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Should you open windows in winter?

Posted by Alex Barrett on 7 November 2016 at 11:15 am

When it comes to energy saving the less heat your house loses the better. One of the best ways to accomplish this is by draught proofing. By stopping warm air from leaking out of your house you prevent heat loss and so reduce the amount of energy you have to use for heating. This suggests that for a perfectly energy efficient house you should avoid opening windows unless you absolutely have to.

However indoor air quality is important as well. Indoor air can easily become stale, and strong smells from cooking and chemical cleaners need to be dispersed. So should you open windows in order to let in some fresh air? Or is it best to keep your house as airtight as possible?

The answer is that it depends. A perfectly energy efficient house would be completely airtight, with no draughts or leaks. This is one of the principles behind the Passivhaus [1] standard where heat loss is reduced to such an extent that very little heating is needed. In an airtight house you need mechanical ventilation to keep the air fresh. This can be combined with a heat recovery system (MVHR) which keeps as much heat as possible inside the building. In such a house it is inefficient to open windows in winter, as it would undo all of the good work done by the heat recovery system.

However most buildings aren’t built to such a high standard. Older houses were built at a time when insulation and energy efficiency weren’t a concern. They were designed to have a leaky envelope so that the house would “breathe”. Opening windows for a few minutes (or leaving extractor fans on longer) might be the answer to remove stale air in winter in an older home. One good trick for airing the house is simply to open windows or doors at opposite ends of the living space to create a through draft for a few minutes. If you do this before you lock up and leave for work you should come back to a fresh home. If your heating is programmed to come on a little before you arrive home if will also be a nice warm home.

Energy losses build up when doors or windows are left open for extended periods. This is particularly a problem in commercial buildings. Many shops leave their doors open throughout the winter, in order to attract customers. This loses a vast amount of heat, as the temperature inside the shop must be maintained the entire time. It has been estimated that leaving a shop door open can emit 91 kg of CO2 per week. The Close the Door campaign [2, 3] has been set up to promote door closing, both to save on energy for space heating and to improve the air quality inside shops, many of which are likely to be located on busy streets with a lot of traffic fumes in the air.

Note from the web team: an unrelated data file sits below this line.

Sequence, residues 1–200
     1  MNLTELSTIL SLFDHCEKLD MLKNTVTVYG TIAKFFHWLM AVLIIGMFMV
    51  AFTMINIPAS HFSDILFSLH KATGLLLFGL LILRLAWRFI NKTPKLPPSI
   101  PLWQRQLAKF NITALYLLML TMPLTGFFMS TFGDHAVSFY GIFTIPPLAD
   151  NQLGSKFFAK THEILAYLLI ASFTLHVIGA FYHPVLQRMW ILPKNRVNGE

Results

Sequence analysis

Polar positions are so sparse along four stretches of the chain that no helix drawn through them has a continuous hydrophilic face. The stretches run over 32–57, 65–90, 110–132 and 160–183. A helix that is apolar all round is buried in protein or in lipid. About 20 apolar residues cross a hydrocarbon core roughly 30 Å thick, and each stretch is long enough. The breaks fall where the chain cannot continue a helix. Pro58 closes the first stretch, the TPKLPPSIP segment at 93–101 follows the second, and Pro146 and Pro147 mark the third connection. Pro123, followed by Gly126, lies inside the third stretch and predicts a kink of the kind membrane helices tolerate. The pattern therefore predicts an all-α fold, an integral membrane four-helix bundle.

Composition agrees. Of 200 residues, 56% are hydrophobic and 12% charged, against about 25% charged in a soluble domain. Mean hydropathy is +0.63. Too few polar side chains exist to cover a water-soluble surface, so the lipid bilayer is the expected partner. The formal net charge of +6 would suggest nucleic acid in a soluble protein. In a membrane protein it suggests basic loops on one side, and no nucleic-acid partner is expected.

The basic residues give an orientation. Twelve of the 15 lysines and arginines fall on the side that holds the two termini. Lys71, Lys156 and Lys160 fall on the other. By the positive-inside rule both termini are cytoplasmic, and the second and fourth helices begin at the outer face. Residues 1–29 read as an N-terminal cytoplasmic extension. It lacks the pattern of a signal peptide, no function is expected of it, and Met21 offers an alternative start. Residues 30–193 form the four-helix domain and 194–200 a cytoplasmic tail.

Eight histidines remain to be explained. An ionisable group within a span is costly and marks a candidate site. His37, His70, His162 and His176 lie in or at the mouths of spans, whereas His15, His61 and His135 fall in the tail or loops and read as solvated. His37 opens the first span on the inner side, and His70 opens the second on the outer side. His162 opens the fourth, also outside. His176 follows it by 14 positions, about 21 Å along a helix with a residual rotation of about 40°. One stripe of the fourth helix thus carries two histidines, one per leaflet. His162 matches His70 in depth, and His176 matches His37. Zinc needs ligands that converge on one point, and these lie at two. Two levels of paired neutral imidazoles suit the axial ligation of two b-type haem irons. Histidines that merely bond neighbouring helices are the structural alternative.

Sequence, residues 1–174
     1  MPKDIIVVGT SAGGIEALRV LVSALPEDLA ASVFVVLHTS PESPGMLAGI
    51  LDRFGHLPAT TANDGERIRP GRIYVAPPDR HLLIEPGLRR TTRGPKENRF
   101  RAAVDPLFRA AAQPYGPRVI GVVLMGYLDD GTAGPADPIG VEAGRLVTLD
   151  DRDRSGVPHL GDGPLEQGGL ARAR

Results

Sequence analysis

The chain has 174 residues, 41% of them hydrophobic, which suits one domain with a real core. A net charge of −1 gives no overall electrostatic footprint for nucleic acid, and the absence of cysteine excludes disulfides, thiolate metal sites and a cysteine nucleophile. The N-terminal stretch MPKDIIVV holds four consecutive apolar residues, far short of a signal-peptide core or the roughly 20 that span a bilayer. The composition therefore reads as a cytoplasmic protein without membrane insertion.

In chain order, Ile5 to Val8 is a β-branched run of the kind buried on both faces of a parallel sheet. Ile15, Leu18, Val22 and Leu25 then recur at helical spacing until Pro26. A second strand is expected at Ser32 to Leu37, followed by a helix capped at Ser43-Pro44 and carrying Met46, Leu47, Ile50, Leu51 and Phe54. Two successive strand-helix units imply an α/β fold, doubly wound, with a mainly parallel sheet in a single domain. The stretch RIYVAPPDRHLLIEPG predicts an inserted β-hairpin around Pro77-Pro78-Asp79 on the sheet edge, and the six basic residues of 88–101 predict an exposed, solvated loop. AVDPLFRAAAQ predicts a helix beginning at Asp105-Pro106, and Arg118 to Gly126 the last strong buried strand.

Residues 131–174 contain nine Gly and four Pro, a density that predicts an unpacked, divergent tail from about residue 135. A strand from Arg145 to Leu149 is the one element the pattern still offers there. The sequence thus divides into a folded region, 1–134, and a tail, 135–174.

In conclusion, most people will want to use their windows for ventilation, even in the depths of winter for a short time. The best way for most people to cut down on ventilation heat loss is to use extractor fans (ideally with heat recovery) and make sure that your draught proofing is up to standard. Make sure that a window isn’t leaking air when it is closed. That way you will be in control of whether you are allowing heat to escape or not. Constant heat loss through leaks around windows can quickly add up to far more wasted energy than opening a window from time to time to clear a room of stale moist air.

References

  1. Passivhaus Institute
  2. The Guardian
  3. Close the Door

Image Credit: WashtheBowl via flickr

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Comments

1 comments - read them below or add one

allensp

allenspComment left on: 30 November 2016 at 6:52 pm

No mention of trickle vents I note! Open or not?

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